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An Interview with Humanists – by Sally Bannister

April 2009

Jane Bannister is chairperson of Dorset Humanists and is involved in Bournemouth’s Big Green Fortnight in May 2009.  Dennis Bannister is currently holding a series of talks on Evolutionary Theory at Bournemouth U3A.  In this interview, they both give their personal take on the Humanist perspective.  Their responses are not necessarily representative of the Dorset Humanist group or the British Humanist Association.  They both embrace a secular approach to Humanism.  The interview begins as a formal Q&A session and evolves into a more in depth discussion, particularly regarding the issue of dogma.

Sally Bannister: What does the word ‘Humanism’ mean to you?

Jane Bannister: To me it means trying to lead a good life without the need for a religious influence.

Dennis Bannister: I’d say it was freedom of thought, being totally free to think as you wish, experiencing a lack of dogma.

SB: What do you mean by ‘a good life’?

JB: Making the most of our potential as human beings which I think would come from doing our best to try and help other people’s lives to become better, starting from our family and working out from there.  This indirectly improves the quality of our own life.

SB: What would you say was the most important guiding principle in life?

DB: Empathy.

JB: Love.

SB: What is Love?

DB: Sympathy; empathy; self-sacrifice; desire for another person’s happiness.

SB: Does the Humanist movement have an agenda? If so, what is it?

JB: Humanists like myself focus on campaigns against injustices imposed by religious institutions, but Humanists vary so much.  There would be people that don’t agree with this approach and feel we should remove religion altogether from public life and make it a purely private concern.

DB:  One of the Humanist agendas is to give people who don’t hold religious beliefs a voice, for instance in the education system.  We oppose single-faith schools.  Humanist organisations strive to represent all those non-religious people who need to speak up against the enforcement of religious viewpoints in law/statutes/politics/education/marriage/civic ceremonies etc.   The secular perspective should be acknowledged as a choice but it is often overlooked in our society as Church and state are still combined.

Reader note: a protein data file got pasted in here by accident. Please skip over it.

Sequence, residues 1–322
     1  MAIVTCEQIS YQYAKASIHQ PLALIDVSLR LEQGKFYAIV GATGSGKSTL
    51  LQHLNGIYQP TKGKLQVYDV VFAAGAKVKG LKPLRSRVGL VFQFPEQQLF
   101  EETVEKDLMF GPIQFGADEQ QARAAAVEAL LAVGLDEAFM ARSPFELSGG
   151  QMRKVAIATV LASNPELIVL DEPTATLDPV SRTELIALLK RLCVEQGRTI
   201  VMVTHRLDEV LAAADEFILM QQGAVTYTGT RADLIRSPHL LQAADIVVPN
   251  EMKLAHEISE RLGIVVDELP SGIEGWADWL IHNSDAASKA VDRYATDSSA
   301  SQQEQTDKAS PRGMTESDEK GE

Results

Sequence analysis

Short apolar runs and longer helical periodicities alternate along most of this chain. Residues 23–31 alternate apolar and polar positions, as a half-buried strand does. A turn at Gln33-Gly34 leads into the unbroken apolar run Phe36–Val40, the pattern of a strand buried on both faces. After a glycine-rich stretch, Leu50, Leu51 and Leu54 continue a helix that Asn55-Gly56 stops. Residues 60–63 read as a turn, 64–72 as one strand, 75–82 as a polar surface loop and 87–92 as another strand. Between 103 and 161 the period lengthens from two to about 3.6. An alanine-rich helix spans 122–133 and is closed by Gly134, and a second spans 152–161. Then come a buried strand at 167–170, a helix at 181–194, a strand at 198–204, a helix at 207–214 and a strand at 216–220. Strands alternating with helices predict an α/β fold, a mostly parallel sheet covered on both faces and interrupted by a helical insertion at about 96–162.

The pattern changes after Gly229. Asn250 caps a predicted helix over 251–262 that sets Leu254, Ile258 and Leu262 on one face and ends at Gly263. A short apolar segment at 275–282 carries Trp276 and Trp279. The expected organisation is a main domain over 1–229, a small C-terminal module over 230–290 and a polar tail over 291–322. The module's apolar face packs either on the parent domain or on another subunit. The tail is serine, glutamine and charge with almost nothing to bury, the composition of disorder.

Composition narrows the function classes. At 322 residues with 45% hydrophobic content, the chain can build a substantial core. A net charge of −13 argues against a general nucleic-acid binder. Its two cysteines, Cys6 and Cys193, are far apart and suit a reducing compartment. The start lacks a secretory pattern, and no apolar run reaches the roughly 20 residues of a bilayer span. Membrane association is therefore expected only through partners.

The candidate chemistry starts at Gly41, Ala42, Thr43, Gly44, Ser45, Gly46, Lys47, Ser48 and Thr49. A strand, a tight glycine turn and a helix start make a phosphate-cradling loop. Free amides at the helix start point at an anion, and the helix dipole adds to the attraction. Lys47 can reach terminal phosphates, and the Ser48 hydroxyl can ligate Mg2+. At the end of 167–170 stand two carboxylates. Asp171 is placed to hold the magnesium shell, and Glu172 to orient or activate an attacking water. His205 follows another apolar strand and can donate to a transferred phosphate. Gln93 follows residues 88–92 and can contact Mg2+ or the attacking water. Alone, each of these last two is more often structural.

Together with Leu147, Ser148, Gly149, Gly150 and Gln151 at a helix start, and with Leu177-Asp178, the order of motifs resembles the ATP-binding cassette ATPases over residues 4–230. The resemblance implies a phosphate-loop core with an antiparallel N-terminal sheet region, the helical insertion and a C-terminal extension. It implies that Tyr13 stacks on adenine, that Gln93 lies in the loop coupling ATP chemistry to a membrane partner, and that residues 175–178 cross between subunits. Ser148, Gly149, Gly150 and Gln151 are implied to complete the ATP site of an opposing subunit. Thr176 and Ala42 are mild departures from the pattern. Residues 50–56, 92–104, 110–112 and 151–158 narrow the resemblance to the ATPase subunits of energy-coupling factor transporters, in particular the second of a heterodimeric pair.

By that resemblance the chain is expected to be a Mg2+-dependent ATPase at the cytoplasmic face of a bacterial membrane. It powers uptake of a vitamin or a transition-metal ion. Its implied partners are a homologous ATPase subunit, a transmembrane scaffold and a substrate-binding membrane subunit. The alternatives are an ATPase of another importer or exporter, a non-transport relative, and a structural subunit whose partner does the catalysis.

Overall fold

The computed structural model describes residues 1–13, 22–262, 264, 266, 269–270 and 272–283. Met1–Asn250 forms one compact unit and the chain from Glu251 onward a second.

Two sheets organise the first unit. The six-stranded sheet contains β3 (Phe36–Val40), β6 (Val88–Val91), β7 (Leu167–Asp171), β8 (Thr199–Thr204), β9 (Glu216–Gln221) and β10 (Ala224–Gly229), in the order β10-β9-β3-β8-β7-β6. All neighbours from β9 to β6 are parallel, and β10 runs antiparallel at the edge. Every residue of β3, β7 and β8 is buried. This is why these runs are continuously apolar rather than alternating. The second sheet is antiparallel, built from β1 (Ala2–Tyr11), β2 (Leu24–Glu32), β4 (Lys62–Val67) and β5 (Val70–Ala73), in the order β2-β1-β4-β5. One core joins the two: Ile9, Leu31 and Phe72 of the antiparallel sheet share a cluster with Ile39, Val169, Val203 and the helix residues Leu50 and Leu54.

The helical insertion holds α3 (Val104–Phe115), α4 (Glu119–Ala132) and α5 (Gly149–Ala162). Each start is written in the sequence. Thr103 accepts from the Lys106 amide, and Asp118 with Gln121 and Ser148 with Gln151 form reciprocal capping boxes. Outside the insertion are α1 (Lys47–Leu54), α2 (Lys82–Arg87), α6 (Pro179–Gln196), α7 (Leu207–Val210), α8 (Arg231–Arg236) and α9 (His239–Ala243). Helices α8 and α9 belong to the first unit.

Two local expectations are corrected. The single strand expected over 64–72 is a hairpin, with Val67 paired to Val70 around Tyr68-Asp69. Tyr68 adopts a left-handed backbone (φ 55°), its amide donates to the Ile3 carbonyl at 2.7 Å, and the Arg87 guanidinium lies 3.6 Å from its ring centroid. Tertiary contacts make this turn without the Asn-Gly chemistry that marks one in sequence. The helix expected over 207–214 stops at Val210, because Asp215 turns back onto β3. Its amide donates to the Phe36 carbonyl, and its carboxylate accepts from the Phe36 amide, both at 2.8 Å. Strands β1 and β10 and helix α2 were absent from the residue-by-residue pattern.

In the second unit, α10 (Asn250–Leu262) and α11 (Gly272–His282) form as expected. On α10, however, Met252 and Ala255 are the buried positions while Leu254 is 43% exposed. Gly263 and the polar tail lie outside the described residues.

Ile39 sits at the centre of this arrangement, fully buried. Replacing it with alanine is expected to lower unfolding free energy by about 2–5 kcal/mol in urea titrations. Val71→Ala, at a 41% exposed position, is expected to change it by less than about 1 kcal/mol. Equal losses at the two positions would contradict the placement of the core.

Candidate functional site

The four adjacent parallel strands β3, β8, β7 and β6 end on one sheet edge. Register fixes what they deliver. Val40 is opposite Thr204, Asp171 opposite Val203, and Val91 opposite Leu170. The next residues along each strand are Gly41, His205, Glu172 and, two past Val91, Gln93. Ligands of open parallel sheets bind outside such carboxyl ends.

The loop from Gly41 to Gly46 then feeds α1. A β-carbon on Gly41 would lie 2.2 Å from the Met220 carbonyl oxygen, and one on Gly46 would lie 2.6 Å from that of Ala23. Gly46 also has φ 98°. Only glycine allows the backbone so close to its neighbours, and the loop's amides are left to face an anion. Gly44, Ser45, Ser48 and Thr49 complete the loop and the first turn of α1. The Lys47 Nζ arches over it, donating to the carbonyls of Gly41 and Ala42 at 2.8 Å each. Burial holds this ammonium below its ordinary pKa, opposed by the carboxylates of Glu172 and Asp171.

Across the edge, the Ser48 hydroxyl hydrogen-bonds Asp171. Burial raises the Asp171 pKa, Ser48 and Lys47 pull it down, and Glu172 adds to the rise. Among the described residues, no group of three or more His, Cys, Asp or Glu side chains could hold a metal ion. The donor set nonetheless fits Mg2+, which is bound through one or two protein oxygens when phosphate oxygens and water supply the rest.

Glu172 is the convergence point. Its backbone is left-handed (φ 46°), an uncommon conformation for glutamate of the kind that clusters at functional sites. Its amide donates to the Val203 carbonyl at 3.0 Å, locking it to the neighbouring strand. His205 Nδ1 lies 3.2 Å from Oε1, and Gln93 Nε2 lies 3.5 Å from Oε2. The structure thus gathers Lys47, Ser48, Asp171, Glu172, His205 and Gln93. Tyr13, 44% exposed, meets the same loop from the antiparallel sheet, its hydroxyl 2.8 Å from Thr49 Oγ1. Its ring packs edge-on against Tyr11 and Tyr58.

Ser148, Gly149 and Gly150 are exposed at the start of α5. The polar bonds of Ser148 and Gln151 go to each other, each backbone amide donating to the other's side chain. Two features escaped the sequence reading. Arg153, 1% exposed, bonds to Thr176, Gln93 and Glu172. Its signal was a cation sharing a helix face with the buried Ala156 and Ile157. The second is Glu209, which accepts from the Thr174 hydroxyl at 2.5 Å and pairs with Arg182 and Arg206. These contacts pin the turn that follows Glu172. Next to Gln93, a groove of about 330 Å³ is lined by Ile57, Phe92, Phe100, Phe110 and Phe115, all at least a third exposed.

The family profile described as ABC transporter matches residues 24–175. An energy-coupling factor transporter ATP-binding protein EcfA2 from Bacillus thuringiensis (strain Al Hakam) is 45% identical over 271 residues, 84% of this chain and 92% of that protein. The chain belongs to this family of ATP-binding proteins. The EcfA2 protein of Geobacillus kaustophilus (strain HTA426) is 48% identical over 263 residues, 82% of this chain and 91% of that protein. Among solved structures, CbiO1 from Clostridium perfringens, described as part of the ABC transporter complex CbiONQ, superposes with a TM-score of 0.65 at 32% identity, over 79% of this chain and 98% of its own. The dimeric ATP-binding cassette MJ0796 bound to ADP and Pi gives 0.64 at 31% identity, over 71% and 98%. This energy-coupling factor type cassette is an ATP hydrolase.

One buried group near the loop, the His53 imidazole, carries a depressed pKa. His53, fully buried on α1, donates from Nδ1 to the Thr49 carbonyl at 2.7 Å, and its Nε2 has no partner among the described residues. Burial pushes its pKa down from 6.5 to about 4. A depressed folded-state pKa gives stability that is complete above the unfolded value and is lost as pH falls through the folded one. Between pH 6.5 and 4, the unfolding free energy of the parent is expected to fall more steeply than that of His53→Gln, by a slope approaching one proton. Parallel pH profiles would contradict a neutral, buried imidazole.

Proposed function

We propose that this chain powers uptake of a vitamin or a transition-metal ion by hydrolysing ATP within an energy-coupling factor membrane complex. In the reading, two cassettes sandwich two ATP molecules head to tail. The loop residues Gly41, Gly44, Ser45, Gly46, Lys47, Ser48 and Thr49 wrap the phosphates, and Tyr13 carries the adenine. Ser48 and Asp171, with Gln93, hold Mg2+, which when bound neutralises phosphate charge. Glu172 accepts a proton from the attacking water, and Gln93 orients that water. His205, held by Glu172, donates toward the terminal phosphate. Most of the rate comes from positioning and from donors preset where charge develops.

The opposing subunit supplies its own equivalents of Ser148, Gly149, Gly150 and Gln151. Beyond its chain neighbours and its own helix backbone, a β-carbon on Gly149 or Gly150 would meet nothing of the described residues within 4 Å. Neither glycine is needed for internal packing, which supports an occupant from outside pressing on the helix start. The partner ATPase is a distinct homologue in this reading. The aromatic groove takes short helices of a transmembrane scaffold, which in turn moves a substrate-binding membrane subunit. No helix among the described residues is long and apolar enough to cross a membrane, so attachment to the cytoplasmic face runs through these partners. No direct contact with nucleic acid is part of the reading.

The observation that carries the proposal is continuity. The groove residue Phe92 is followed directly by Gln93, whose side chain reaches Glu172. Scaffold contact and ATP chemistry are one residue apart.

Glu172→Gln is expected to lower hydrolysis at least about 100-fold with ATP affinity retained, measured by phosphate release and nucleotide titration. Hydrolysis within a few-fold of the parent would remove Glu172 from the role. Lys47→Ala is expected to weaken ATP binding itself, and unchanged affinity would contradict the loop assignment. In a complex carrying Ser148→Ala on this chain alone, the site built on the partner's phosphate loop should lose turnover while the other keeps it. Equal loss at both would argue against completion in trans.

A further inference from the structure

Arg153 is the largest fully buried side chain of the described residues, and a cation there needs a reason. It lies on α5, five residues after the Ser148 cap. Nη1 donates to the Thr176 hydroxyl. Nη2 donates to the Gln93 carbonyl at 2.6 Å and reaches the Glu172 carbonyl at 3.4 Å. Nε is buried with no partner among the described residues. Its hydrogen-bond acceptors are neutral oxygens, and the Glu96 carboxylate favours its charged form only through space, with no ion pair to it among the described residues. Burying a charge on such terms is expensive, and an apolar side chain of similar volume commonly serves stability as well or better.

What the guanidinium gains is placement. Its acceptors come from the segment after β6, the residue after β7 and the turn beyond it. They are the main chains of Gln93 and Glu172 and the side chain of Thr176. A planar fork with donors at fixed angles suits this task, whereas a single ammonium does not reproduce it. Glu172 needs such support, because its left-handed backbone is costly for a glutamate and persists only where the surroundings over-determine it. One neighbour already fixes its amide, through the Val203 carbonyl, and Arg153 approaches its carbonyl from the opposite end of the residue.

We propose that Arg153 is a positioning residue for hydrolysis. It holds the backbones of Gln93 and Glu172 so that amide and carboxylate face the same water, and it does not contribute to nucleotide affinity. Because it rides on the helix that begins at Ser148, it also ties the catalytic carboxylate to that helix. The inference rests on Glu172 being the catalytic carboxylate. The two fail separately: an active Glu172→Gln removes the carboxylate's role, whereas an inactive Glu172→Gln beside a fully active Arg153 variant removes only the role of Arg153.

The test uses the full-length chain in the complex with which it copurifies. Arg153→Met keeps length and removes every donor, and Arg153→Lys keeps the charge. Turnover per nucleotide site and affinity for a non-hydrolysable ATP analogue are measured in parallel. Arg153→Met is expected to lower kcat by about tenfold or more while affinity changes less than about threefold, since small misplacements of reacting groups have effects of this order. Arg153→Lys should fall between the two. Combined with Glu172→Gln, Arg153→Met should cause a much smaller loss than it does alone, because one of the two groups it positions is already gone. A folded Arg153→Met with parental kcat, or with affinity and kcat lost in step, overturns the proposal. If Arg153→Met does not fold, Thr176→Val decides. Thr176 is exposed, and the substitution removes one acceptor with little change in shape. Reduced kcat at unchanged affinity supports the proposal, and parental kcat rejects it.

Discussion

SB: What about injustices that are not imposed by religion? Are these not of concern to Humanists?

JB: We tend to focus on religious injustice in particular because part of the reason for forming the Humanist group is to offer support and help to those people that are being discriminated against by religious institutions.  Our gay and lesbian members say they feel comfortable with the Humanist philosophy as religious organisations can often be archaic in their official stance on sexuality.

SB: Mark Vernon was a guest speaker at the Dorset Humanist group.  He claims that the diversity of different forms of Humanism is a strength.  Would this lack of consensus amongst Humanists not make it harder to form a set of distinct guidelines for humans to live by?

DB: It is a splinter group, which doesn’t make for effective policy forming.

JB: Even within Dorset Humanist group there is a division between those people that feel we should form a set of aims and objectives, and those who feel this would be too dogmatic.

SB: Are you happy to be defined negatively (i.e. by what you don’t believe) and does this not alienate potential Humanists?

JB:  Yes this could be alienating which, of course, is something we would want to avoid.  We recently had Jonathan Miller as a guest speaker at the Dorset Humanists.  He isn’t religious, but feels that he shouldn’t have to have a label such as ‘Humanist’ or ‘atheist’.  The word ‘atheist’ means without God, rather than against God.  He said that although he doesn’t believe in the tooth fairy he is not forced to have a label for this lack of belief, and so claims it is equally ridiculous to feel the need to adopt a label for anything else that he doesn’t believe exists.